Update (11/17/11): The minibus was approved in both the House and Senate and will head to the President for his signature!

Original Post: Congressional appropriators tonight filed the final conference report for the so-called “minibus” FY12 appropriations bill, representing the final agreed-upon spending numbers for FY12 for the Agriculture; Commerce, Justice, Science; and Transportation, Housing and Urban Development bills — and NSF fared much better than expected in the final negotiation. You’ll recall we were somewhat pleased when the House appropriators approved their version of the Commerce, Justice, Science bill and managed to hold NSF’s funding flat for FY12. In a bill where essentially every other account got cut, this was seen as a win. We were also disappointed when the Senate released its version of the CJS bill, which included a cut of 2.4 percent to the agency, a reduction of $162 million vs. FY11. Those figured to be the MAX and MIN case for NSF in the negotiations.

But, in a bit of a surprise, NSF actually received an increase in the conference agreement of $172 million in FY 12, compared to FY11. Of that $172 million increase, $155 million is slated for the agency’s Research and Related Activities directorate “to enhance basic research critical innovation and U.S. economic competitiveness.”

Also faring well is NIST, which would receive an additional $33 million over FY11 “to support core NIST scientific research programs that help advance U.S. competitiveness, innovation, and economic growth.”

NASA would see a decrease of about $648 million, which is not quite as bad as first thought. NASA will also be able to continue work on the James Webb Space Telescope, but funding for cost overruns in the program will have to come out of other existing programs at the agency, which may make a lot of non-telescope people unhappy.

So, this is a very good thing, especially when considering the alternatives we thought were on the table. It’s clear the basic research -> competitiveness argument still has legs in Congress, and that’s very important in this overall atmosphere of belt-tightening. There’s still a recognition among both parties that federal support for basic research is an investment with real payoff for the country’s future.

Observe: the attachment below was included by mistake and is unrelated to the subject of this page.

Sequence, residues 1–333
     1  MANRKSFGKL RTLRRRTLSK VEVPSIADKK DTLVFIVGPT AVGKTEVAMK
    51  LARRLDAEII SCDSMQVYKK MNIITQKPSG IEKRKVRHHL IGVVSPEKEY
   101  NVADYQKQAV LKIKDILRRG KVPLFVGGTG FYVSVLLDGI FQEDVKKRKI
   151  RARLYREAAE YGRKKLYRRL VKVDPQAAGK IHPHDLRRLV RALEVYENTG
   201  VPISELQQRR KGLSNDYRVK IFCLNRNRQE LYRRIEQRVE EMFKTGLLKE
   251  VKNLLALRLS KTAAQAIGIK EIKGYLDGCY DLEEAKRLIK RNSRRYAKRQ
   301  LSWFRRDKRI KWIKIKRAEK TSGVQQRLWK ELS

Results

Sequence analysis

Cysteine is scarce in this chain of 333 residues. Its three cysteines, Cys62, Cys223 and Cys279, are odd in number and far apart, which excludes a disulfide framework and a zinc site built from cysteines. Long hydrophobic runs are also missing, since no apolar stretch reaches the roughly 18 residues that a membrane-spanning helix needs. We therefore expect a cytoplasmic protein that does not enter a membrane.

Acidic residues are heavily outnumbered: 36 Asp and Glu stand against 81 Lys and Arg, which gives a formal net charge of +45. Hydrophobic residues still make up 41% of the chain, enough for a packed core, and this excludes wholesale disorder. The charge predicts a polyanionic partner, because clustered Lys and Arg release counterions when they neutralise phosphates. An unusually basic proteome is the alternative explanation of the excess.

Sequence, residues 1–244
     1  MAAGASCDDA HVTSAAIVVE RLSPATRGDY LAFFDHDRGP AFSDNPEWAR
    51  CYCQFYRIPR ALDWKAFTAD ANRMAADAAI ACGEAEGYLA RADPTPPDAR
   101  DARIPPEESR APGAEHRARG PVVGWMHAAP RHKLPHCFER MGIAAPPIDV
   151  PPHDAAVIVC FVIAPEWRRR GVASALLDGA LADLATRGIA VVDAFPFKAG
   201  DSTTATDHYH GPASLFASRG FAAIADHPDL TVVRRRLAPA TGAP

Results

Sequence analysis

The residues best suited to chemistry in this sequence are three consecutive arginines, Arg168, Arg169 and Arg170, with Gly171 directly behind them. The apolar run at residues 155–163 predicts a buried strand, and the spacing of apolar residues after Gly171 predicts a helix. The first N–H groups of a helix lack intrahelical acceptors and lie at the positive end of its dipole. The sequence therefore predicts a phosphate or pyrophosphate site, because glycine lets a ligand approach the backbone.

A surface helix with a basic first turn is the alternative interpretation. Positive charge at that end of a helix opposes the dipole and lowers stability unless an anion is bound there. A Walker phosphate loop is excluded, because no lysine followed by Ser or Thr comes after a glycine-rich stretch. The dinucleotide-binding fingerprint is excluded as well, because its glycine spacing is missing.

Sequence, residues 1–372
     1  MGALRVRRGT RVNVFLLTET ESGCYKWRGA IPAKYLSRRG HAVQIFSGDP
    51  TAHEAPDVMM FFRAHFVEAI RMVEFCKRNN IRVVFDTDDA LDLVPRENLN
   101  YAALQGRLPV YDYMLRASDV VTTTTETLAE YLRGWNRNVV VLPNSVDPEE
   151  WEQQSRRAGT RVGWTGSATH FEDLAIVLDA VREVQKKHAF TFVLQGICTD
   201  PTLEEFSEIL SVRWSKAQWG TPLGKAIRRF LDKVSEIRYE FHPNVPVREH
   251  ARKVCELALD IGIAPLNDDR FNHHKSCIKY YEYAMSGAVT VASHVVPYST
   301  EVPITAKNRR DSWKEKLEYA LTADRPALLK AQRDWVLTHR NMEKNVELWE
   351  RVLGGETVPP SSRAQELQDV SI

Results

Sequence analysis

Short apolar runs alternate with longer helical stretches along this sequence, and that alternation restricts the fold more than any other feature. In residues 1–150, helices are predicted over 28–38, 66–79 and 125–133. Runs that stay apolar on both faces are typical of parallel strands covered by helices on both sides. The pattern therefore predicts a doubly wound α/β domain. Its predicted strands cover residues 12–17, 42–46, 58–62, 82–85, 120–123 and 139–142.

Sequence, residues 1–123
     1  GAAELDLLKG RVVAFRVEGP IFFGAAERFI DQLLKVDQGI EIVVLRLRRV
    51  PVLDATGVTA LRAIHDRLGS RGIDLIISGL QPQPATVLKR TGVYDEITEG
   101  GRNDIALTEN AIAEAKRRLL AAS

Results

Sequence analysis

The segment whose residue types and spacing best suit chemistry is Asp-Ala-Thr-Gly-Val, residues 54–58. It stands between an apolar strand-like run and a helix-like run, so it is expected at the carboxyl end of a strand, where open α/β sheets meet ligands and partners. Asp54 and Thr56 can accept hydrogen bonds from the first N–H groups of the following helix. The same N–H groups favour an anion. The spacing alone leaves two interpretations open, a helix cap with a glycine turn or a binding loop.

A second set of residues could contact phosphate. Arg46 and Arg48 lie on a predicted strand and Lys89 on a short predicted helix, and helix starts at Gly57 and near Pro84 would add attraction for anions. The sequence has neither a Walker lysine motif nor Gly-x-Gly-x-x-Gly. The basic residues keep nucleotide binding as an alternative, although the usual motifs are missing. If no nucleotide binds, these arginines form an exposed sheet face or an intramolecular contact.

Both chambers still have to approve the conference report, but it’s unlikely much will change in it as that would restart the negotiation process in both the House and Senate. The bill also contains a needed extension of the stop-gap continuing resolution currently required to keep government operating, but set to expire on November 18th. Without the extension, much of government would be forced to shut down midnight Friday. The minibus includes an extension of the CR through December 16th. By then, congressional leaders will have to figure out the remaining nine funding bills and square those with spending caps put in place by the debt limit agreement last August, or pass another CR. My money is on another CR.

We’ll have more detail as we actually get in and take a look at the 400 page report.  Until then, the House Appropriations Committee has posted a summary.

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